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Thoughts, Prayers, Tears

by J. Harper West

Lover, Haskell County

She greeted me, smiling, in the church pews,
laughed till we were breathless, keeping watch of
the girls, glancing past me to the windows.
I sighed, already wanting her, to love.

She took me out for drinks, conversation,
talked of church, work, religion, boys, and school.
I marveled at her, whimsical distraction,
wondering if she’d let me play her fool.

They married a year after I met her;
no invitation came by phone or mail.
She gave him a daughter that November.
I switched from drinking gin to ginger ale.

With this remembrance, put her out of mind —
I’d still be without her if she’d declined.

Polyphonic Discord

everybody should be thinking
about what they can do

if someone decides to open fire

saints sing the joy of the lord
and enjoin everyone to rejoice

anyone at any time
can be the victim

some lives are more equal than others

mankind will be glad in the day
given graciously by their father god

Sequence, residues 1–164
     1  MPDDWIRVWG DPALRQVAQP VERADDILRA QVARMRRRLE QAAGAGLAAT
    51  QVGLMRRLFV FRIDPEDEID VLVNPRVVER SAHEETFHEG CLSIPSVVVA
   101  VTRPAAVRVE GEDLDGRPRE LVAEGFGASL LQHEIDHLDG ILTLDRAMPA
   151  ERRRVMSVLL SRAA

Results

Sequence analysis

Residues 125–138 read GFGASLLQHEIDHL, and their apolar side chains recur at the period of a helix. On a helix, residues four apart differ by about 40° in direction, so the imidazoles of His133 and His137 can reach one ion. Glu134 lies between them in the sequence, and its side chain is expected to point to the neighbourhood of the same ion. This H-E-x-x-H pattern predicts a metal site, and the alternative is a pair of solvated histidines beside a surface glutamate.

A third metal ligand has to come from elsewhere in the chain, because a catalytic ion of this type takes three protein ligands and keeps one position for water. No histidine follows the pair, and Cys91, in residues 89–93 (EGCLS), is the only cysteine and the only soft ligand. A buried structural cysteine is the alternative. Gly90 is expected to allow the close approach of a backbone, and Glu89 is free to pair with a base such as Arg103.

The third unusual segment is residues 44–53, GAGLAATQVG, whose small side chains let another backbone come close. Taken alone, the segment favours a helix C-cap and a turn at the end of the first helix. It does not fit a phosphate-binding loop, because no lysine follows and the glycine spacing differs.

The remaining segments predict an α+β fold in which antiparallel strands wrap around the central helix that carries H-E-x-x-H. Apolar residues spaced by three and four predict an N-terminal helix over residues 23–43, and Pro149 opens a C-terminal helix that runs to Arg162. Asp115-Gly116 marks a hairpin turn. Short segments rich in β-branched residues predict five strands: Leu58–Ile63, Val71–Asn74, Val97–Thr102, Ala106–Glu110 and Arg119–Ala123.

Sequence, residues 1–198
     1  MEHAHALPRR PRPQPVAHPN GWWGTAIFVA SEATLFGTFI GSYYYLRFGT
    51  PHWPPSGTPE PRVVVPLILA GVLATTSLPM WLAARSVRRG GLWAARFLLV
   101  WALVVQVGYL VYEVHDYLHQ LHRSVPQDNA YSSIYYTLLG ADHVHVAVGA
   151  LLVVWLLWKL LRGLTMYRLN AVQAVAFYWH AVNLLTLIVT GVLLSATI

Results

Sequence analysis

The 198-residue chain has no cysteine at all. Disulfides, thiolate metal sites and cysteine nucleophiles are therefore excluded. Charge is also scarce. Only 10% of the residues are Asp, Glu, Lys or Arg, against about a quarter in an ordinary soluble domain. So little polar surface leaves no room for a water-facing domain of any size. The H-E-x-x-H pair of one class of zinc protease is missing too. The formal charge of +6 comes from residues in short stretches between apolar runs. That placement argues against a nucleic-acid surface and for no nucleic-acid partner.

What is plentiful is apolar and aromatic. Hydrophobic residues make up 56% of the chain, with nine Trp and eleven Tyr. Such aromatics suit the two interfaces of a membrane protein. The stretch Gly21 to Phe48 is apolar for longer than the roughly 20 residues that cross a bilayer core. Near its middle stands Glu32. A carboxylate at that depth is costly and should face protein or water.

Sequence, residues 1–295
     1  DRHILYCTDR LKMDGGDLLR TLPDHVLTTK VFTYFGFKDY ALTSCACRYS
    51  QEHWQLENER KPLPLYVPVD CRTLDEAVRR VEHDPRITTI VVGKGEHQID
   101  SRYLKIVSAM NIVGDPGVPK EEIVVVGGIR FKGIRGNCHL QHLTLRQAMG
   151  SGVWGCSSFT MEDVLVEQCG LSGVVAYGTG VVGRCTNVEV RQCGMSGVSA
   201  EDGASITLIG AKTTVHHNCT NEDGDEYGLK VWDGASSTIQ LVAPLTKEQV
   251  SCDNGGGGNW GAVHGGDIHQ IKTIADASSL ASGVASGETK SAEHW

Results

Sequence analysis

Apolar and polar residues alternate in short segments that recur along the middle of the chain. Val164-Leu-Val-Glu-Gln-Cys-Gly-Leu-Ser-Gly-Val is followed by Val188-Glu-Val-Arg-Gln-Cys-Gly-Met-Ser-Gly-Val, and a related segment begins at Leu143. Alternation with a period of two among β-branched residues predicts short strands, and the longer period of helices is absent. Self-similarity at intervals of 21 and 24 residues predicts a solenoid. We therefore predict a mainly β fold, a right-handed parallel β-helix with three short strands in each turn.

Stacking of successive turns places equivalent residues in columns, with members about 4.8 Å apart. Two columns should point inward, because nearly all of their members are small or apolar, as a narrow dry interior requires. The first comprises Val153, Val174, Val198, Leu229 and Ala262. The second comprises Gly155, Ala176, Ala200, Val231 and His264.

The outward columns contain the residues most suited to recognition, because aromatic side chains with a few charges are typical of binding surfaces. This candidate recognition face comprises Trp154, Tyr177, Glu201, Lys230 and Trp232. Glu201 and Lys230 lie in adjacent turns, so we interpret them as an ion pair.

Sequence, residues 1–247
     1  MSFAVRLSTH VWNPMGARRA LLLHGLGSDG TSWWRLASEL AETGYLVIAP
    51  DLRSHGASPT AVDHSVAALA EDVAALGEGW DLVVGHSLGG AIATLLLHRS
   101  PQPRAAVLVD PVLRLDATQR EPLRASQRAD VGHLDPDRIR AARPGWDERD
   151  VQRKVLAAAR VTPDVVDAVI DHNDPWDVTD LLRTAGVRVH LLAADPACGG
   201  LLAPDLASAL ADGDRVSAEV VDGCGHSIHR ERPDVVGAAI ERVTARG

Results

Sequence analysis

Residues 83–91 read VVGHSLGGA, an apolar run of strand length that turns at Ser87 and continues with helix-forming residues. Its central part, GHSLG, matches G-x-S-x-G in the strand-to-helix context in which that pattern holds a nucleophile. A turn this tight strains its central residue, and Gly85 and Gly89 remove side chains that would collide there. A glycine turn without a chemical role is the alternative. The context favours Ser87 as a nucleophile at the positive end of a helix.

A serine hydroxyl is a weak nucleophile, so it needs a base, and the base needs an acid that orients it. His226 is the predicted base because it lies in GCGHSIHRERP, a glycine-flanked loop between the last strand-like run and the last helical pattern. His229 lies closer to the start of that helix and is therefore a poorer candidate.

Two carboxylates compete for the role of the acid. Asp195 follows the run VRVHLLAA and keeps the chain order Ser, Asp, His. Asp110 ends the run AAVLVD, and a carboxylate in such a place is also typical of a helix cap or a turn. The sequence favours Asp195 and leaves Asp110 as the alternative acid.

the female body has a way
of shutting that whole thing down

if she is modest and chaste

angels implore the heavens
carry prayers past where they fall

SWF Teacher Inquires about Student Otter’s Poetry

The divorcing female poet wants to know
why don’t I write more love poems
but doesn’t ask whether my love
is state-sanctioned or welcome
in my father’s house

or know that I used to write poems every day
on the sides of my Cons for the boy
in back of the room who looked
like D’Angelo back in the day

until my boy ate a handful of Percodan
washed down with cherry brandy
from his Granny’s kitchen
crawled to sleep
in the tub

and didn’t wake up.

The single lady poet doesn’t know
that his daddy would have rather
have a dead son than a gay son
or that I changed my name
after they told me

he was gone.


J. Harper West is an MFA candidate in Creative Writing at the Arkansas Writers Workshop at the University of Central Arkansas, a reluctant memoirist, and poet of unfinished parts. West serves as the nonfiction editor of Arkana, a journal of mysteries and marginalized voices.